Compiled by Frances H. Casstevens, 9/19/2007

The shifting of troops makes it difficult to pinpoint the exact location of the 28th Regiment in some of the battles. However, the 28th took part, or was present, at the following places and battle sites:

September 21, 1861 – Camp Fisher, near High Point, NC
28th Regiment organized - ordered to Wilmington on September 30, where they remain throughout the Winter of 1861 and into the Spring of 1862.

February 13, 1861 – Wilmington, NC
The 28th Regiment, with a strength of 933 men; assigned to Branch’s Brigade, along with the 7th, 18th, 33rd, and 37th Regiments.

May 1862 – Branch’s Brigade ordered to Gordonsville, VA

May 27, 1862 – Battle of Hanover Court House, VA
The 28th Regiment ordered to go to Taliaferro’s Mill where they are cut off from the rest of the brigade. Colonel James H. Lane, commander of the 28th, reported an encounter with the 25th NY. They then found themselves facing an entire brigade. The 28th engaged the enemy and held their ground for 4 hours, expecting reinforcements. None ever came, and they had to retire. Casualties not reported, but were substantial.

Colonel W. H. A. Speer and others captured. (See Allen Speer’s book, Voices from Cemetery Hill).

June 28, 1862 – 28th Regiment down to 480 men

June 25-July 1, 1862 – Seven Days; Battle: Mechanicsville, Gaines Mill, Frazier’s Farm
These battles were successful and the Confederates drove the Federal troops back. Richmond was saved once again. The 28th lost 19 men killed, 130 wounded, out of 4809 men. General Lane was wounded at Frazier’s Farm.

August 9, 1862 – Battle of Cedar Mountain
General Branch wounded, and Lane assumes command of brigade. Stonewall’s division was flanked and retreated in disorder. North Carolina Troops of A. P. Hill’s division advanced and delivered a counterattack, routing the enemy from the field. Colonel Lane reported: “The 28th, 33rd, 18th, and 37th moved cheerfully and irresistibly forward in perfect order.” Many prisoners were captured, and many Federal soldiers voluntarily surrendered.

August 28, 1862 – Second Manassas
Pope’s Federal forces outnumbered Confederates 3:1. Branch’s Brigade (including the 28th) was placed along the unfinished railroad cut where they were engaged in heavy fighting. The Confederates held for a day and a half until reinforced by Longstreet’s Corp the next day. Confederates then went on offensive and droved Union troops from the field. Lane reported that the 28th “...advanced boldly into the woods, driving the enemy before it, although exposed to a left enfilade and direct fire, but fell back when it found itself unsupported. The men rallied and reformed in the center of an open field and advanced a second time, when the enemy was not only driven beyond the cut, but entirely out of the woods. Never have I witnessed greater bravery and desperation than was that day displayed by this brigade.”


September 1, 1862 – Ox Hill (Chantilly, VA)
The day after 2nd Manassas, in the advance of Jackson’s column, the 28th encountered the enemy at Ox Hill. Branch’s Brigade was ordered to advance in a blinding rainstorm, and when ammunition ran low, they were ordered to hold their position with bayonets.

Lane reported this engagement was one of the most severe held to date. Casualties among the 28th: 14 killed, 92 wounded, 2 missing. Afterwards, the cold, hungry, and wet men of the 28th were ordered back to the field for picket duty during the night, without fires for warmth and comfort.

September 17, 1862 – Harper’s Ferry and Sharpsburg, Maryland
The 28th left Harper’s Ferry on the morning of September 17 and marched on the double to Sharpsburg. They arrived in time to save Gen. Lee’s right. During the battle, General Branch was mortally wounded. Colonel Lane was given permanent command of the brigade. After the battle, the Branch-Lane Brigade was one of three formed as the rear guard for Lee’s Army of Northern Virginia as it crossed the Potomac River.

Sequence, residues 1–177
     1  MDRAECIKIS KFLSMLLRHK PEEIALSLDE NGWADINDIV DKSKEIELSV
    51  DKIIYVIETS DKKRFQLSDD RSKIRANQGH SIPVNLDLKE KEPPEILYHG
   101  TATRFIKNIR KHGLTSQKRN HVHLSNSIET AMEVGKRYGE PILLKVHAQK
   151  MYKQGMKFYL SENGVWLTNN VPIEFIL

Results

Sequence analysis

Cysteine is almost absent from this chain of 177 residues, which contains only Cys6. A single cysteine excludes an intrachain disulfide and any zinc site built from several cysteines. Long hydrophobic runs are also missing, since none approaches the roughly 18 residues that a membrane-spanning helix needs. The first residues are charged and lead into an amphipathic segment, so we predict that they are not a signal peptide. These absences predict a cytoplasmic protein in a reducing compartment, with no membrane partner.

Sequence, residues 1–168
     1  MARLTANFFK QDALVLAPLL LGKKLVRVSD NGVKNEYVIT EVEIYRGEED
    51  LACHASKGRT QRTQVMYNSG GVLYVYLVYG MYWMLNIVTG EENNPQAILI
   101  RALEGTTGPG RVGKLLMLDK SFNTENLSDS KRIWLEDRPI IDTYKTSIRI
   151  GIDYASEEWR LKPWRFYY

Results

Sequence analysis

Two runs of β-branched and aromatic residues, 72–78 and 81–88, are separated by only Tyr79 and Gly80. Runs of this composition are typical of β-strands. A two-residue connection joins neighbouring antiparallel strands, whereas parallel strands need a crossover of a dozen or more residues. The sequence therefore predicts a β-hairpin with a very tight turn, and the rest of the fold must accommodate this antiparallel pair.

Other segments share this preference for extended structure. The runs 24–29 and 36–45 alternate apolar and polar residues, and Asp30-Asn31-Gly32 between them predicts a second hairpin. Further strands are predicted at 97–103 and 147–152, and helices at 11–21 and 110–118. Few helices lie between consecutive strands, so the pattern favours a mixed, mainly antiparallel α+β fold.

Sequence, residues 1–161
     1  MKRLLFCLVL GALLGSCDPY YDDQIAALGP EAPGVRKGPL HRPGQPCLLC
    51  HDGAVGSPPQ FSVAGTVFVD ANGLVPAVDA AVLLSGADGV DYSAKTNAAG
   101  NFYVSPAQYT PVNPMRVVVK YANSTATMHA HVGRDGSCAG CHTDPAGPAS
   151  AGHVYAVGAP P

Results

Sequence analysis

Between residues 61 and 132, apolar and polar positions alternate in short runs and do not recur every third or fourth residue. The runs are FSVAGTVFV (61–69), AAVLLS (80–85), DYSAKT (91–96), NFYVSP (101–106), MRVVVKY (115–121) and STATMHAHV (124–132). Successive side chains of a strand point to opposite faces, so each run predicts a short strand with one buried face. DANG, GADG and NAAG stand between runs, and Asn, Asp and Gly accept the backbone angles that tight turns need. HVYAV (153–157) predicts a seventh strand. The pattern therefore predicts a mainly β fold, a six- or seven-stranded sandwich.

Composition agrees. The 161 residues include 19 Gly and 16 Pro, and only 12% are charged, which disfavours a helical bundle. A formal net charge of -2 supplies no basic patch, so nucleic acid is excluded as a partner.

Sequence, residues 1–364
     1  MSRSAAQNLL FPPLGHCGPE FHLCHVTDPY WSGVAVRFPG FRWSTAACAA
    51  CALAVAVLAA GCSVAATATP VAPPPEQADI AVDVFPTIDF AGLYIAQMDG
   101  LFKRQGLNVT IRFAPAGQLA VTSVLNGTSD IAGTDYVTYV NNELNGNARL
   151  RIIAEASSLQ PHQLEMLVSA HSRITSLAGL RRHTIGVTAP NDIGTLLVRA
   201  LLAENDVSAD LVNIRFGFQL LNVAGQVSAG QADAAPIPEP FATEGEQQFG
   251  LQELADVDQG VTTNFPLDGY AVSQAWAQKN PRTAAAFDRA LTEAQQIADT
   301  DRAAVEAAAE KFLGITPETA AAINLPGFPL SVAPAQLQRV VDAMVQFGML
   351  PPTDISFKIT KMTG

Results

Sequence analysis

November 1, 1862- Colonel James H. Lane promoted
Lane was officially promoted to brigadier general in charge of the former Branch’s Brigade. Colonel Samuel D. Lowe was placed in command of the 28th Regiment.

December 13, 1862 – Fredericksburg, VA
The 28th was involved in the heavy fighting at Fredericksburg on the plain south of the town. Casualties were 16 killed and 49 wounded.

May 1-4, 1863 – Chancellorsville, VA
The 28th was part of Stonewall Jackson’s famous flank march around Chancellorsville, which took the enemy by surprise. A night attach on May 3 was repulsed by the 28th, together the help of the 18th and 33rd Regiments. During this attack, Company E of the 28th (the Montgomery Grays) captured the flag of the 3rd Main Volunteers.

On May 3, the 28th was involved in 3 charges against the Federal breastworks, which were supported by heavy enemy artillery. Each time the Confederates charged, both the regiment and the brigade suffered heavy losses.

Eventually, the Federals were forced to retire and the retreated back across the Rappahannock River, ending the 3-day battle.

Chancellorsville was considered Lee’s greatest victory. However, that victory was tempered with the loss of Lee’s greatest general, Stonewall Jackson. Jackson was mortally wounded by his own men (the 18th Regiment of the Branch-Lane Brigade reportedly fired upon Jackson while he was riding through the lines during the night).

The loss of Jackson forced a reorganization of the Army of Northern Virginia. The following campaign would end with the battle of Gettysburg.

July 1-3, 1863 – Gettysburg, PA
The 28th Regiment was one of the first two divisions to enter the little town of Gettysburg. The regiment saw action on the first day west of the town. On the second day, July 2nd, their position was a relatively quiet, but their division commander, General William Dorsey Pender, was mortally wounded. The third day was a disaster for the entire Army of Northern Virginia, which culminated in the now famous assault known as “Pickett’s Charge”.

The 28th was a part of this assault, which was to be known as the “high tide of the Confederacy.” After this battle, because of the heavy casualties, the Confederate Army was never able to garner enough manpower to gain the advantage in a major battle.

Against the advice of Longstreet and other generals, Lee sent 12,000 of his best troops against the enemy’s center. The Federal forces of General Meade were on an elevated position nearly a mile from the Confederate lines. An open field, two fences, and a road lay between the opposing forces. The Federals were sheltered by a low stonewall, and behind them their heavy artillery were massed.

General Lane reported on part of his Brigade in the assault: “I moved forward to the support of Pettigrew’s right, through the woods in which our batteries were planted, and through an open field about a mile in full view of the enemy’s fortified position, and under a murderous artillery and infantry fire. My command never moved forward more handsomely. The men reserved their fire in accordance with orders and then opened with telling effect, repeatedly driving the cannoneers from their pieces, completely silencing the guns in our immediate front, and breaking the line of infantry which was formed on the crest of the hill. We advanced to within a few yards of the stonewall, exposed all the while to heavy ranking artillery fire from the right. My left was very much exposed, and a column of the enemy’s infantry was thrown forward in that direction, which enfiladed my whole line. This forced me to withdraw my brigade, the troops on my right having already done so.